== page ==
Joe Ganim carries a refrain inside his head that goes something like this, “I’ve come too far, I’ve come too far.” Ganim won the Democratic primary in historic fashion, knocking off an incumbent mayor. He danced on a table, followers exploded with joy both in praise of Ganim’s comeback and with glee that he had filleted Bill Finch who over eight years piled up his share of enemies. Some voters saw Ganim as the vehicle to lance Finch. And now that Finch is sayonara as mayor, albeit throwing his prestige behind Mary-Jane Foster, Ganim recognizes the perception held by some of his core followers, some of whom view him as a rock star: he has it in the bag for the general election. That can be a dangerous specter on the way to a Nov. 3 encore.
In a story by the Hartford Courant’s Chris Keating, Ganim says “My concern, if I have one, is a lot of people feel I’ve already won. We want to be sure we don’t have voter complacency.”
When it comes to campaigning, Ganim is like a chihuahua on steroids. Although stoic in nature, rarely moved by emotion in thought process, Ganim is an intense campaign warrior who will bark, nip and growl at supporters to take nothing for granted. A lot of volunteers have busted butts for Ganim who has inspired them through his tireless campaigning.
The campaign, flush with dough in the final week, has now brought on hired guns supplementing loyal volunteers to help deliver the vote. Ganim understands the finesse and gratitude that comes with keeping volunteers focused. But if he’s paying a campaign worker, it’s a whole different animal. He will blow up their cell phones with calls, provide marching orders, remind them of tasks. He will drive them insane, if need be, to reach his destination.
Remember that scene in Die Hard when one of the bad guys smashes a table of glasses? John McClane’s wife Holly Gennero declares, “He’s alive … only John can drive somebody that crazy.” That’s Joe.
Ganim has not had a traditional paid campaign manager in this quest for redemption. He’s had experienced campaign hands, operatives and friends, some old and new, such as Danny Roach, John Ricci, Chris Meyer, Gina Malheiro, Lissette Colon, Ken Flatto, Danny Pizarro, Tom Gaudett and Tom Coble and dozens of others step up, divvying up key tasks motivated by their own set of factors to get the job done, whether fundraising, political troubleshooting, scheduling, research and voter registration. Ganim has blown through several strategists who handle messaging and mail. His direct mail campaign in the primary was flaccid. Still, he won by the force of his ferocious work, door knocking, managing free media opportunities particularly public safety that connected largely with African American voters who gravitated to his “second chance” message. But what also carried Ganim was the passion of those volunteers that buoyed a massive retail operation not seen in a mayoral primary in 30 years.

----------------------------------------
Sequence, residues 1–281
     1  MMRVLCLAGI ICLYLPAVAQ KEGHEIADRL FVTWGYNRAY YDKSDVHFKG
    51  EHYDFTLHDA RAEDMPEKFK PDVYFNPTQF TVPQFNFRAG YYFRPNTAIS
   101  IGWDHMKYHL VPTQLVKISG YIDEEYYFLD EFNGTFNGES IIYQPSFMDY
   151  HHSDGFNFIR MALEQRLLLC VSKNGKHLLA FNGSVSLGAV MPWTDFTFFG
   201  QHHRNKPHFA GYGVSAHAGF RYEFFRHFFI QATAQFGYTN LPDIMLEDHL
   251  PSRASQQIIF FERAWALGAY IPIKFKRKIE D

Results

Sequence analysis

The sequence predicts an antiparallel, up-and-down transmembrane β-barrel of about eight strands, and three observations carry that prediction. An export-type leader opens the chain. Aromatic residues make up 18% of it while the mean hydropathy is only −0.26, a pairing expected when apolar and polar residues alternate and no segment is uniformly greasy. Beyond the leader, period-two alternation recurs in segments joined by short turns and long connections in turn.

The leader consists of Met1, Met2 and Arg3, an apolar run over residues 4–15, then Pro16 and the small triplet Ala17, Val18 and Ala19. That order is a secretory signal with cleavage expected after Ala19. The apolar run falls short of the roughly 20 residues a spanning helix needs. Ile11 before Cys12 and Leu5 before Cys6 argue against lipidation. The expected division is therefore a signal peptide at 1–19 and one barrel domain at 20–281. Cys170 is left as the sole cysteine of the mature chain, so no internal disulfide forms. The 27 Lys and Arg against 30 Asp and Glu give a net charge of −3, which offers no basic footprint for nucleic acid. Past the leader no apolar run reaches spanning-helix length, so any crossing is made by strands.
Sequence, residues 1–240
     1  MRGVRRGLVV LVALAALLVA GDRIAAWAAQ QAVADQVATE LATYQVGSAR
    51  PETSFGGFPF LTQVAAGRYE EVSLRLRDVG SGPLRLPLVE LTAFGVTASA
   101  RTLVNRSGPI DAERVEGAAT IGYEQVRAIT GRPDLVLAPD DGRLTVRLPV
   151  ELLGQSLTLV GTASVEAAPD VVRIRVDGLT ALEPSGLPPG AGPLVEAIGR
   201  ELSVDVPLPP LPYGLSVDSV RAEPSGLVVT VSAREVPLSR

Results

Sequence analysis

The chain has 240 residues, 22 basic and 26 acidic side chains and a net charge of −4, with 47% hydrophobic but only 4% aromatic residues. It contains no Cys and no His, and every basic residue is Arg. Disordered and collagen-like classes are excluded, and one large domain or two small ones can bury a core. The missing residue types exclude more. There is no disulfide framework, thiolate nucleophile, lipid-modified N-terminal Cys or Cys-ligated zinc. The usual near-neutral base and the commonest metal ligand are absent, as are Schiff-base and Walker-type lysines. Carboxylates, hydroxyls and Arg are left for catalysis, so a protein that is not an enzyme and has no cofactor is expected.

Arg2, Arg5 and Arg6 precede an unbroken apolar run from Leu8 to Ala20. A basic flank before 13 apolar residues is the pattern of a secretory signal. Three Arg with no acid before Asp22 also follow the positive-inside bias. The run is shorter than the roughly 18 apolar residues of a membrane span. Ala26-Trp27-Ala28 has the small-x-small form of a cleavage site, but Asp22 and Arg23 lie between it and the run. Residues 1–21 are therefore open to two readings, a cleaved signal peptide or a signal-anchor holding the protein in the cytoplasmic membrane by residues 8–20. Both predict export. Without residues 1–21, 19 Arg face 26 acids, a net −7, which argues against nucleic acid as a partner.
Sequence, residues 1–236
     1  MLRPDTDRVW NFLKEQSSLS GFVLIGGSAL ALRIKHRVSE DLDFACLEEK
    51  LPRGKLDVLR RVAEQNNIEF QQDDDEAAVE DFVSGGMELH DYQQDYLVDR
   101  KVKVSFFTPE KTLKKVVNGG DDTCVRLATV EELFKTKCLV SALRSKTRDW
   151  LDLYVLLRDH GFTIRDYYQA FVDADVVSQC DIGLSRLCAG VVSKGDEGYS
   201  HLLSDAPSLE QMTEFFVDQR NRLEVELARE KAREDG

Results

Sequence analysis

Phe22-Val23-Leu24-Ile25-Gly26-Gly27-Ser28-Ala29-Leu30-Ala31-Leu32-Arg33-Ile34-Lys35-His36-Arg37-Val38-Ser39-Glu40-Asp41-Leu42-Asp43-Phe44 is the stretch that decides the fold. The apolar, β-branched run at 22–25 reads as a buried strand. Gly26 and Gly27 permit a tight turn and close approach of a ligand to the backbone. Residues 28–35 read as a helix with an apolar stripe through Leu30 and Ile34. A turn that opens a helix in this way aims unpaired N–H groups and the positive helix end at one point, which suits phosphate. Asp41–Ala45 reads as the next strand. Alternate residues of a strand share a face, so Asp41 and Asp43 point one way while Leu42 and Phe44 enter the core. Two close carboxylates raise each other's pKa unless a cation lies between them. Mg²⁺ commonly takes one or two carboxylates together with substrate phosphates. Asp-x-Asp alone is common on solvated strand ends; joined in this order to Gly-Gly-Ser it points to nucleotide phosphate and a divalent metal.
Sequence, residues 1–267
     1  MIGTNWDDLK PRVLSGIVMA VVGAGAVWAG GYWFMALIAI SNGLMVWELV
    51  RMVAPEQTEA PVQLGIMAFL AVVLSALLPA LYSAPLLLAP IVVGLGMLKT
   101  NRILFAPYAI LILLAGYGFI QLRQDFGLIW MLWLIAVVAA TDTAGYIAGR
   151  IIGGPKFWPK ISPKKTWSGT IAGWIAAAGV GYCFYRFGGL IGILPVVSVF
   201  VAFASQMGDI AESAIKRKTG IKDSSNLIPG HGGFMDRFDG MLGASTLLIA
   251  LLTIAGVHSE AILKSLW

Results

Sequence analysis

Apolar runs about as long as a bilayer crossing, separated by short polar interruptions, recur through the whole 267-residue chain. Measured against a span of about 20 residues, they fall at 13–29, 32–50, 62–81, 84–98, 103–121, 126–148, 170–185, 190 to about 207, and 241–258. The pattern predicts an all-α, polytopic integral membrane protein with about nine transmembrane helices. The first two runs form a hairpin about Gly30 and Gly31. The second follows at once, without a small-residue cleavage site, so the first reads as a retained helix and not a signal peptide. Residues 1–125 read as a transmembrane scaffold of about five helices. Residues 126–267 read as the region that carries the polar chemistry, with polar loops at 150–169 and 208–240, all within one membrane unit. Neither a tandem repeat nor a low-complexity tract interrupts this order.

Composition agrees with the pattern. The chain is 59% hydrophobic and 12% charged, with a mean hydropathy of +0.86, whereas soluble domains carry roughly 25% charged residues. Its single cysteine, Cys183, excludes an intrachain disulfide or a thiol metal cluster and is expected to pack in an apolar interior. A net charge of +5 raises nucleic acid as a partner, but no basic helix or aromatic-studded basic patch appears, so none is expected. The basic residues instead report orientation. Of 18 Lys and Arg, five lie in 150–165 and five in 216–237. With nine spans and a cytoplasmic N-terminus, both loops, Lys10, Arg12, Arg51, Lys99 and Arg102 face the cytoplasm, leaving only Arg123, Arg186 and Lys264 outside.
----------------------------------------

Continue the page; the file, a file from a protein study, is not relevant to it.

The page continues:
Ganim hopes to stoke that passion one more week. Complacency is an enemy.
In the spring of 2011, largely unknown, Mary-Jane Foster entered the mayoral race to take on incumbent Bill Finch. Outspent two to one, lacking the ground operation enjoyed by Finch, Foster cracked 40 percent of the vote in the Democratic primary, and almost ran even with Finch in Dunbar School, the mighty African American precinct in the East End. She did not embarrass herself. In politics you must build upon the opportunities created, otherwise you end up looking around befuddled when some core supporters end up someplace else. That’s what happened to Foster. Despite 2011 supporters urging her to make a decision about plans for 2015, she was betrayed by her misplaced political skill set. In December of 2014 she said I’ll have a decision in January. It never came. Then it was next month, no, wait, next month. Meanwhile, despite numerous warnings about losing support, Joe Ganim entered the race and began poaching her people. Finch also courted some of her 2011 supporters because they believed he was the only one who could stop Ganim.
Foster, an executive at the University of Bridgeport, entered the race late, looked around and saw some core support from 2011 gone, had trouble raising money, ponied up about $100K of her own loot and was drubbed in the primary. She never had traction as a primary candidate. She never even had a toehold. The general election is now a different animal. She has significant traction now, and it’s growing, in higher-turnout areas.
Circumstances have dictated her relevance. Finch lost the primary, his political operatives botched his November ballot access. Who was left as the antidote to Ganim? In the view of the majority of Finch’s political operation and others anathema to Ganim, it was Foster. Finch endorsed her, seasoned fundraisers with deep Rolodexes such as former Democratic Town Chair John Stafstrom worked the business community and personal contacts to raise money, government reformers such as Tom Swan who serves as executive director of the Connecticut Citizens Action Group put their professional life on hold to work full time for the campaign. More than $100K was raised in a week, five mail pieces hit in 10 days elevating her name recognition. The money also finances paid canvassers to supplement volunteer door knocks on her behalf. Media outlets have taken notice.